Advice To Those Stepping-Out (Part 2)

(The first part of this post was published last week and is available here…)

Let us look at lokeshna and its relationship with individualism. I may be wrong but I am proposing that people who step-out tend to fall into the trap of lokeshna—almost unconsciously—to cope with loneliness and, of course, because of the disease inflicted by modernity—individualism. The attention one gets because of the act of stepping out can be exhilarating. And then subtly idealism and righteousness creeps in. Idealism is good as an aim to be used for course correction but idealism in “doing” or in the manifested world is false and hence problematic.

There are two realities—coexisting like two sides of the same coin. The eternal reality of “being” (है और होना) and the transient or manifested reality—in the “doing”. There is and will always be a gap between being and doing. After all they belong to different realities, different worlds—eternal and transient. The world of doing is circumstantial, is contextual, needs to change and adapt according to the times and circumstances. This is not to say that “doing” is rudderless or rootless. No, it can be anchored in the eternal but while manifesting takes into account the context. Idealism can only be in the “being”. In fact the eternal IS. There are no alternatives in the eternal, hence it is beyond comparison. Idealism has validity only when there is another possibility—not ideal. In eternal, there are no alternatives, hence there is no space for idealism. Unless we are calling the eternal or ISNESS as ideal.

In the world of doing what can and must be aimed for is that the “doing” is rooted or anchored in the eternal (Truth). But this world is changing, is transient, hence again there is no space for the ideal. What is ideal today, may not be tomorrow! Idealism is rigid in the transient. It tends to fix things. Hence in the world of “doing” Idealism is an idea, an imagination and ultimately a trap which makes us righteous (and others wrong). A trap because it can only feed the ego, it has no basis in (transient) reality.

Understanding of the eternal makes it quite clear that we are not the doers. At best we are nimitta karana (incidental in the happening). We are not the doers (upaadaan). We are a product of the opportunity (which presents itself), the circumstances and the sankalpa (decision to do/ what to do/not to do etc.). If we are not the doers then how can we take credit for what happens. We can rejoice in it but we can not take credit. The problem arises because we mistakenly start taking credit for what we “do” in stepping out. Therefore the need to refrain from both lokeshna and idealism, if one is stepping out.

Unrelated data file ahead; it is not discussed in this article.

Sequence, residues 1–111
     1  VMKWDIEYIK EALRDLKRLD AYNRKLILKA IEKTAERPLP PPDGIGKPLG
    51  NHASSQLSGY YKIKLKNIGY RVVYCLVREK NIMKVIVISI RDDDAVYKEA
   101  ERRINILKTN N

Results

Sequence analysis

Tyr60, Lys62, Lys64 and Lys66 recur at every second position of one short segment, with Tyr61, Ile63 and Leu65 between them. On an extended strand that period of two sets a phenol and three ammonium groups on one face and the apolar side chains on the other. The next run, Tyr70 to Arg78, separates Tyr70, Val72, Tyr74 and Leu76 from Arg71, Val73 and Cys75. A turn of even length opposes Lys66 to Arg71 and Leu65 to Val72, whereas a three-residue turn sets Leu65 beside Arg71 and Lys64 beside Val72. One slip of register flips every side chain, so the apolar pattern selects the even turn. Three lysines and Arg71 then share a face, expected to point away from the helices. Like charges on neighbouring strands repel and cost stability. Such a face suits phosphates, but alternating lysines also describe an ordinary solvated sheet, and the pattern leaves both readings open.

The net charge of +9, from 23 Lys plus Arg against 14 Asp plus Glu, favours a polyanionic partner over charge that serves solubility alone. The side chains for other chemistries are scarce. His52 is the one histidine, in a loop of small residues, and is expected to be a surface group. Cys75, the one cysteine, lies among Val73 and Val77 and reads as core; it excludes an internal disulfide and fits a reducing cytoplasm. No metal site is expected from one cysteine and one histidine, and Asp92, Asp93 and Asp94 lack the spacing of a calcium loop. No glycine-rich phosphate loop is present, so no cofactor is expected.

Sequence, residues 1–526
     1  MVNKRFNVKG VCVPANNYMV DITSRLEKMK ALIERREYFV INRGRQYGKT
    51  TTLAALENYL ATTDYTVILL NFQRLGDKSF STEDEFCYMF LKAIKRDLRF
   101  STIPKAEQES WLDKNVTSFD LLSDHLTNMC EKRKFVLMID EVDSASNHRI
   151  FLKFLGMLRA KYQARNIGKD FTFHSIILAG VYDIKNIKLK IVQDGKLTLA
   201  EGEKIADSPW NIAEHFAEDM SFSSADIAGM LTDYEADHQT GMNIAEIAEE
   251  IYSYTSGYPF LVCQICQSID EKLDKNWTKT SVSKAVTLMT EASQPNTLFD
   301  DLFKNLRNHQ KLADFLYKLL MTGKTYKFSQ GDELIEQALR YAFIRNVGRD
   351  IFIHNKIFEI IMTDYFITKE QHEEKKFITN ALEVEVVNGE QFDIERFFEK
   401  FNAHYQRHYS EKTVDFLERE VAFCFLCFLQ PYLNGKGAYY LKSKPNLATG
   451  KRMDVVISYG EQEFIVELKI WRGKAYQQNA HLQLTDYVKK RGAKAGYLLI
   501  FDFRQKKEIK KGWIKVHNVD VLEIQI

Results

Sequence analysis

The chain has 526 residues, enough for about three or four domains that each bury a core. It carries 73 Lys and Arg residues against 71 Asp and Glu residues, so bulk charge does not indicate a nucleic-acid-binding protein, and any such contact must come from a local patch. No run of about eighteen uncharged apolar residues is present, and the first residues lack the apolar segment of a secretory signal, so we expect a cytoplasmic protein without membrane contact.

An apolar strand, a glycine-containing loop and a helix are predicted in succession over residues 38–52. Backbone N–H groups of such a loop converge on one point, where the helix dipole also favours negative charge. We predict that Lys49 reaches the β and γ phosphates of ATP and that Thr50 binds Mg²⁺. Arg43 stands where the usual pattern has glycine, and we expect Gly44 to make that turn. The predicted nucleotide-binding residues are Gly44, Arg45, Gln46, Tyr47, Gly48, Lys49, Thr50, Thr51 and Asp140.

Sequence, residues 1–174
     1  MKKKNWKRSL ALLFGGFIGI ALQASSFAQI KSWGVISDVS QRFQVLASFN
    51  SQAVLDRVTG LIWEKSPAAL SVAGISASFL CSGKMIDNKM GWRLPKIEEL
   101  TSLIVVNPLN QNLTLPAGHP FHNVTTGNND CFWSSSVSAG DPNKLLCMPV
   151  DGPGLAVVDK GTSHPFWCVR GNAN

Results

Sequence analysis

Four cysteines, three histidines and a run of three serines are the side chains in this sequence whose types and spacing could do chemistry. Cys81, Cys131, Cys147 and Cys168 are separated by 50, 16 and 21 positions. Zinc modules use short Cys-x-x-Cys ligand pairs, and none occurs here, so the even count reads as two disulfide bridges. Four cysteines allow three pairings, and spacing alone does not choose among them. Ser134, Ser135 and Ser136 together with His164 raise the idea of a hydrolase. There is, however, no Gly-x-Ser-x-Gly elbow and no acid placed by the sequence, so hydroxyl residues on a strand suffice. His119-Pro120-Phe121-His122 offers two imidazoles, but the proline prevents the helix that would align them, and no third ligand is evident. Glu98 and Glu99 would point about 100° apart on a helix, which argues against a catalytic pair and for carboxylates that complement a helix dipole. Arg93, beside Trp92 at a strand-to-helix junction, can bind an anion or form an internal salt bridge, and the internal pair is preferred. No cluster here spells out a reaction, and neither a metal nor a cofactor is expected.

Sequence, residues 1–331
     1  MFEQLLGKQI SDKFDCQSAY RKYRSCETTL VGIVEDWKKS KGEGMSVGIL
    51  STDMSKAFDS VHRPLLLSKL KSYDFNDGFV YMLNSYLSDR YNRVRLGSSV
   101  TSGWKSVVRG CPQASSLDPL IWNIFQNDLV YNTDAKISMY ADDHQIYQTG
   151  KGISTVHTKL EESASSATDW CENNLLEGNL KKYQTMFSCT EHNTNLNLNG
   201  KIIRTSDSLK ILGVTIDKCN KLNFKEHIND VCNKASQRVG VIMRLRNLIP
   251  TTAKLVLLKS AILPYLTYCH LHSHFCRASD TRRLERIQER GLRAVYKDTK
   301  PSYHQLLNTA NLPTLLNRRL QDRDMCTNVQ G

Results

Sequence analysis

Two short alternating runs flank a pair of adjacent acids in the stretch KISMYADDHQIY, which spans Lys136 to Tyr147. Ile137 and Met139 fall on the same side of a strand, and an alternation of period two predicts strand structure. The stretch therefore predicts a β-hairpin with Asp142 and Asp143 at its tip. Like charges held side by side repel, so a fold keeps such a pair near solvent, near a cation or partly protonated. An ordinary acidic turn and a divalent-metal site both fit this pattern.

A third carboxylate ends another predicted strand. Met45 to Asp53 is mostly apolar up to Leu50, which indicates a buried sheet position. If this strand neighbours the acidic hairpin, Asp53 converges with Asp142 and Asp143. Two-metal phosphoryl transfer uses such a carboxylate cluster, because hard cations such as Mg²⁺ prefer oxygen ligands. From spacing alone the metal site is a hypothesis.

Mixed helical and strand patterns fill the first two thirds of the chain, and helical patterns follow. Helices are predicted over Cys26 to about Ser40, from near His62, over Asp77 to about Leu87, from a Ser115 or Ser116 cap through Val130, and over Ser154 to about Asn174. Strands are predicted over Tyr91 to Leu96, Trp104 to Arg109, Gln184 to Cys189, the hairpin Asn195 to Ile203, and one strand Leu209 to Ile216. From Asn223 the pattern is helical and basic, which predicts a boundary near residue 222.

Advice To Those Stepping-Out (Part-1)

People, who are sensitive to the happenings around, who are socially and politically aware and who have the courage to take a step to move out of their comfort zone and ‘do something’ to make a difference, face a lot of difficulties. After the initial enthusiasm (momentum) wears off the loneliness strikes. There is a huge comfort in familiarity, even when one is not necessarily in agreement or in alignment with the visible and invisible pressures exerted by the (familiar) ecosystem. Human beings have an innate ability to adapt to the circumstances, often by wearing different masks, each suiting a different set of demands imposed by different aspects of the ecosystem. When one steps out of this familiar surrounding, others (friends and family) do not know how to deal with this (new) person. The relationship(s) get disturbed and unbalanced. The one stepping out and the other (old friends and relatives) have a hard time during the transition phase. It is almost like entering into a new relationship with the same (but now in a new avatar) person. This is a process which takes time and one needs to deal with it patiently and with perseverance. There is no short cut in this process.

It is somewhat like the process of “passage rites” (or the various sanskaras in Hindu tradition). When one enters puberty or adulthood or when one gets married or gets the first child – the same process (of realignment) is in operation. Every individual has various relationships and they all need to undergo a change and individuals involved have to deal with the change with understanding. In these various changes (to do with sanskaras or passage rites) both the parties involved in a relationship have to work towards this new adjustment. But when it comes to the change when an individual decides to step out it is only this person who will have to work towards making realignments without any support from the other. Sometimes it is hard and may entail taking very tough decisions. It is quite possible that the people who have stepped out may not enjoy the same flavour in the realigned relationship and this can be discomforting. One has to be prepared for this eventuality. Relationship with other like-minded individuals helps cope with this loneliness.

But there is a bigger issue involved in the process of stepping out. We are all products of modernity. And modernity has taken deep roots in all of us. One of the strongest strains of this root is the disease of “individualism”. We are all afflicted with this to a smaller or bigger degree. Lokeshna (the desire to be appreciated, to be known by the others, desire for popularity) is very subtle and is part of human psyche just like vitteshna (desire for material facilities, money) and puttreshna (desire for our children, vicariously living through them, bias we harbour towards our children). All these are obstacles or hindrances in the path to (spiritual) freedom (swatantrata).

(To be continued next week…)